Zaria inched forward, gliding almost like a cat, creeping ever closer to the bed. The wooden floorboards beneath her groaned as she put her weight on them. Just before she reached the bed, squeeeeeeeak! The floorboard was loose, the end of it sticking up above the rest of the floor. Zaria dared not move her foot, for fear that it would squeak again. Her eyes shot towards Mrs. Sunfinch. The old woman’s eyes twitched, and she inhaled. Then exhaled. She didn’t move. Zaria didn’t move either. For at least a minute she remained completely motionless.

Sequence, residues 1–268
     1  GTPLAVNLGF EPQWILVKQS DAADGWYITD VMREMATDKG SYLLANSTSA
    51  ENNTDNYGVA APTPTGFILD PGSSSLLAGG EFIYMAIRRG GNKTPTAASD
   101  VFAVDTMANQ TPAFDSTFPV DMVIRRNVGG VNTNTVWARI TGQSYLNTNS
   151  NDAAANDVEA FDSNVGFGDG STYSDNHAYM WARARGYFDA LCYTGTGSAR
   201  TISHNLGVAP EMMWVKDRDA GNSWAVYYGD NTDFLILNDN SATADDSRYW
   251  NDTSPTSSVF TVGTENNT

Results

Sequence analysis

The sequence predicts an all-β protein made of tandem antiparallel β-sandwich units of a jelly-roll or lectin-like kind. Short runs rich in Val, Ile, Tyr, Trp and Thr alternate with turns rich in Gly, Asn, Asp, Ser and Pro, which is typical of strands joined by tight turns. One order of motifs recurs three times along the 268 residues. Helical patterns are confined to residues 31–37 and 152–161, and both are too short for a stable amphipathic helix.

She leaned forward just enough to grab hold of the flap of her bag. She slowly pulled it back, balancing most of her weight on the squeaky board in an attempt to keep it from making more noise as she shifted. She brought the bag slowly closer, but before she could pull it all the way, it stopped. Following the shoulder strap with her eyes, she saw that the end of the strap was held, almost clenched, in the hand of Mrs. Sunfinch. Thinking quickly, Zaria pulled her small knife from the bag, cut the thick strap, and began sliding it slowly through Mrs. Sunfinch’s hand. She knew she could repair the bag easily. As the strap slid through Mrs. Sunfinch’s hand, she twitched and her breathing seemed more alert, but her eyes remained shut. When the strap was finally free, Zaria pivoted, aimed her body towards the door, then suddenly, she launched herself as fast as she could back across the room. Mrs. Sunfinch’s eyes snapped open, she leaned up, and barely caught a glimpse of Zaria’s back swinging out of the door.